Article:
Kevin Costner is reaching for the White Guilt crown in his latest role as a widower in Black or White, in which grieving protagonist Elliot Anderson fights to retain custody of his black granddaughter, Eloise. In what promises to be an illuminating tale of cross-generational tensions between the races, Costner, like Clint Eastwood in Gran Torino, is about to give the White Guilt Performance of a Lifetime; that's based on the trailer alone. Black or White releases nationwide today.

As proven by just the past decade of film criticism and Academy Award tallies, white guilt cinema is an immensely profitable genre, especially when said genre includes sainted characterizations of said white transgressors. While it's mostly white filmmakers and actors who've mastered white guilt as a formula for atrocious cinema, white guilt is in fact an equal opportunity exercise in filmmaking; even John Ridley can do it! Paul Haggis' Crash, a highwater mark of this wack-ass genre, is a rainbow cast of the lowest caliber, which succeeded in earning the most successfully awful film in recent memory three Academy Awards in 2006, including Best Picture.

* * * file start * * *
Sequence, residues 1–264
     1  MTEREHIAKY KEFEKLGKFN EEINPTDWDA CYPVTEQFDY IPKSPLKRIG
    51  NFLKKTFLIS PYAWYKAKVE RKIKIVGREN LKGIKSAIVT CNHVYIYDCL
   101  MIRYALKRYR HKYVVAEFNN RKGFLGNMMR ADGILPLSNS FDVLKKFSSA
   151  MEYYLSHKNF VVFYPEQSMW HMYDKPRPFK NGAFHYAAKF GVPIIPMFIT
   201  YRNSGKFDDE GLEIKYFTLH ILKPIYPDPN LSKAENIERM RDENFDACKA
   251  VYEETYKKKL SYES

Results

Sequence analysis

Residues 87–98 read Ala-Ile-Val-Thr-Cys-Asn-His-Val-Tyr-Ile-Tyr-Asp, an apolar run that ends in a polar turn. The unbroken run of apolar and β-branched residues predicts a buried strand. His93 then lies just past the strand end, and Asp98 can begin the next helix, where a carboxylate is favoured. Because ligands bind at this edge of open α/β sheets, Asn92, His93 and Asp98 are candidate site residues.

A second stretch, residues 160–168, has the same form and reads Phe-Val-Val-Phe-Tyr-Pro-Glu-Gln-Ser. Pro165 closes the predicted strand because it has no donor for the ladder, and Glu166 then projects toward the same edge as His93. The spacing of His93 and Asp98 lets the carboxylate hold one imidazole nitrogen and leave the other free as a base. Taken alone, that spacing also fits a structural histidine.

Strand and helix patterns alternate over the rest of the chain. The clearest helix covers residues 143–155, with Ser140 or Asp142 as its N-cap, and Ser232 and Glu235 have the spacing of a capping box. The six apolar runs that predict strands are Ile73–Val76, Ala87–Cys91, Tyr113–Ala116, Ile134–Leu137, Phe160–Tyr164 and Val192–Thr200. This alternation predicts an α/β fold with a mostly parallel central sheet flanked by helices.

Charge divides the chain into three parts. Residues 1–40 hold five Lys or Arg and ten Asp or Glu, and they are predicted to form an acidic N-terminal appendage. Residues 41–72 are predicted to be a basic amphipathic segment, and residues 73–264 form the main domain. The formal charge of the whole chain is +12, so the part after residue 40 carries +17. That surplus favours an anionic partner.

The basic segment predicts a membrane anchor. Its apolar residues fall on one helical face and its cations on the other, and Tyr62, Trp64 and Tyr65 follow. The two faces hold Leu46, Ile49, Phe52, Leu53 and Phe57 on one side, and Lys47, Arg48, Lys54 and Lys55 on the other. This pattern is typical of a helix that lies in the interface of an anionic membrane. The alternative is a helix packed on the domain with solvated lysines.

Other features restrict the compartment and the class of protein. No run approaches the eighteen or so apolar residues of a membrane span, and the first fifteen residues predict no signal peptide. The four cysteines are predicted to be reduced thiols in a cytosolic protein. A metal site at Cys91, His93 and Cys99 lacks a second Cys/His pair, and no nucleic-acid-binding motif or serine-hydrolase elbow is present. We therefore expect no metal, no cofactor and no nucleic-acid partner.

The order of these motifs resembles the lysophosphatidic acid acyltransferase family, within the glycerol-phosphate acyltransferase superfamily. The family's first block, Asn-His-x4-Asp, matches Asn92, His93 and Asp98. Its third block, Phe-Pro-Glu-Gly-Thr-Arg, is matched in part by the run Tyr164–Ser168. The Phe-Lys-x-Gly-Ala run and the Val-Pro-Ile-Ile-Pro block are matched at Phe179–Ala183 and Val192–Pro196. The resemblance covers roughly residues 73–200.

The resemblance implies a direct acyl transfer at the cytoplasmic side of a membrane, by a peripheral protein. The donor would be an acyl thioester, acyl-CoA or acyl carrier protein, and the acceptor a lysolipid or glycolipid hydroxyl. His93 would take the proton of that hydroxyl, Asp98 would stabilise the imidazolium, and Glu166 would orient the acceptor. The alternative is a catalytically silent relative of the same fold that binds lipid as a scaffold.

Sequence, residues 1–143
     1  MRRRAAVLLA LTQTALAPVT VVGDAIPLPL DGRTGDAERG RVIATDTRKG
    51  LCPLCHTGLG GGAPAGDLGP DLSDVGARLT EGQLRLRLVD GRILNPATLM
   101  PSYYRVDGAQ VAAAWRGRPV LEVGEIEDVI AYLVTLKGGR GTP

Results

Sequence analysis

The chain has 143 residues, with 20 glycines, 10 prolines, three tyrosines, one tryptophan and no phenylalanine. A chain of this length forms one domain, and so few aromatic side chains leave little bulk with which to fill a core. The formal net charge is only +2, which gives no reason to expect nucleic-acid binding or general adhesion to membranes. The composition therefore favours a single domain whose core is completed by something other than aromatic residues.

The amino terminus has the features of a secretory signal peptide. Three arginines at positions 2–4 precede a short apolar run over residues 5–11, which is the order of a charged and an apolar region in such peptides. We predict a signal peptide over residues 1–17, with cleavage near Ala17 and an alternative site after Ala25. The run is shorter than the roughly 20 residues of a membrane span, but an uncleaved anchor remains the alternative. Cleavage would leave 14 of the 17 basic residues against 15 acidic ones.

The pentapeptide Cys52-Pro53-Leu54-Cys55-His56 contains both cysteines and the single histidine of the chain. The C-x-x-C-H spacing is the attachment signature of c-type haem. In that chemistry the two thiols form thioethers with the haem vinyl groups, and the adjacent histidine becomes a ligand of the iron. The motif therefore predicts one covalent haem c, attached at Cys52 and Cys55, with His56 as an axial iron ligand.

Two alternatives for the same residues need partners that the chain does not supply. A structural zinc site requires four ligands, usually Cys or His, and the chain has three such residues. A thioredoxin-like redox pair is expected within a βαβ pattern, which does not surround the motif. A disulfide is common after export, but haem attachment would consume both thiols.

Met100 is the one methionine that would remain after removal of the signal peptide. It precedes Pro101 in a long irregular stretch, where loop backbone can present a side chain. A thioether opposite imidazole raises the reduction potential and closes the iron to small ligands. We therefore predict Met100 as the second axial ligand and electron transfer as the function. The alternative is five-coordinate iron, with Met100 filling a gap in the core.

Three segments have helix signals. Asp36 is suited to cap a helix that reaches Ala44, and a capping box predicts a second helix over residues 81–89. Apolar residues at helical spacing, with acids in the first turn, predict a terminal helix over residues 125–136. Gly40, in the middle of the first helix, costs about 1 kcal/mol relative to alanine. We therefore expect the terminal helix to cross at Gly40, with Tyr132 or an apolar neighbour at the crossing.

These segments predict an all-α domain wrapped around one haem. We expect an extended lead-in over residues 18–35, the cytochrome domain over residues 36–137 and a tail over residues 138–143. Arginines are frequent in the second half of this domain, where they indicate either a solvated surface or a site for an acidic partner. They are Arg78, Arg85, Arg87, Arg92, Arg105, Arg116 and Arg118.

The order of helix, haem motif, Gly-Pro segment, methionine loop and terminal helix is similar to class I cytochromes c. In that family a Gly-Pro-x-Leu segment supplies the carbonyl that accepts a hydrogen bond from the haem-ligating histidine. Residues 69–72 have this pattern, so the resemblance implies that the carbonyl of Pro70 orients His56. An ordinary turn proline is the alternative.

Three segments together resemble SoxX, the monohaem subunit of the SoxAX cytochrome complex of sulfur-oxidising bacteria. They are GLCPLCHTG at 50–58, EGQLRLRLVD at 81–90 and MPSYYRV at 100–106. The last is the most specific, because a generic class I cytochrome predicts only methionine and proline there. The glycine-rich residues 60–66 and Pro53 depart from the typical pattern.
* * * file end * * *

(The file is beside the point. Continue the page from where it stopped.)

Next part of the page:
For the love of privilege, angst, and corny performances, here's the 10 guiltiest films ever made by and about white guilt. Mr. Costner, you've got a vast and daunting tradition head of you. I wish you all the luck and #privilege in the world.